Plus, when you buy it at the local store it comes in only 3 or 5 yard spools. For this project you will need anywhere from 3 – 15 yards, depending on the width of grosgrain. 20 yards of 3/8″ grosgrain ribbon is only $2.71. Can’t beat that. They charge more at Walmart for 5 yards of crappy ribbon!
You’ll also need varying widths of Heat n Bond. Or you can just by the thickest width and cut it up the middle. Make sure you get the sewable kind.
I started by laying out my ribbon on the duvet just to get an idea of what it would look like. It also helped me to visualize what size of ribbon I wanted to use. I ended up using every size in the photo above except 7/8″ ribbon.
The very first thing you have to do before you even begin attaching your ribbon to your duvet is to adhere the heat n bond to the back of your ribbon. It quickly irons on leaving a paper backing.
After it’s ironed on the ribbon, peel the paper backing off. It isn’t sticky at all, so don’t worry about it making a mess.
Once your ribbon is ready and your iron is hot, start laying out where you want your ribbon to go. Have a good ruler handy.
I found the easiest way was to do small sections, about a foot at a time. Line up your ribbon using your ruler, then iron it to the duvet.
Now schooch over and measure the next section. Work your way around the duvet until you reach the beginning.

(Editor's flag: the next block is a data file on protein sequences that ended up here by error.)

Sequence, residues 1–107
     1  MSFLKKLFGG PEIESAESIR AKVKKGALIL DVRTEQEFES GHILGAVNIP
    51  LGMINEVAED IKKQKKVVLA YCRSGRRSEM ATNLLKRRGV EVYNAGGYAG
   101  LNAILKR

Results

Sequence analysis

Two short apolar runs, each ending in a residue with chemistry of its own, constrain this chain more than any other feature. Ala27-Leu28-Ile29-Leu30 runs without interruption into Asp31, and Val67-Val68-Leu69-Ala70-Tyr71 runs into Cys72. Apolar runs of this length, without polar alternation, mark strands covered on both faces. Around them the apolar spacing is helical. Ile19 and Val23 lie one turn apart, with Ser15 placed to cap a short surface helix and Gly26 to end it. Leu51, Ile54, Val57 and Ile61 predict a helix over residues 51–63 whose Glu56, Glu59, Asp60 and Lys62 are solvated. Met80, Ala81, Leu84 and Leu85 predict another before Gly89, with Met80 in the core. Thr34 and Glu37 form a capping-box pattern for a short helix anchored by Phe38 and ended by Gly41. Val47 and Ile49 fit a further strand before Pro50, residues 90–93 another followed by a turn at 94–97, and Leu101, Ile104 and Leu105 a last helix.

Let’s talk corners now:
Iron your ribbon down until you reach your turning point.
Fold back your ribbon exactly where you want your corner to be. Fold your ribbon over at a 45 degree angle. I drew dotted lines on the picture below to show you how to fold it.
Once it’s folded over, iron it really well and then stick a pin in it to reinforce it until you sew.
Keep working around the duvet until you reach back where you started. For the seam, fold the end of your ribbon over at an angle, then place it on top of the starting point ribbon. Iron flat and pin until you sew.
Once your outer line is finished, start on the next line.
I did the outer line 4″ from the edge of the duvet using 1.5″ grosgrain ribbon. The next line I started at 7″ using 5/8″ grosgrain ribbon. And finally, the inner square is at 16″ from the edge using 1.5″ grosgrain ribbon.
Here are my exact measurements for the sham: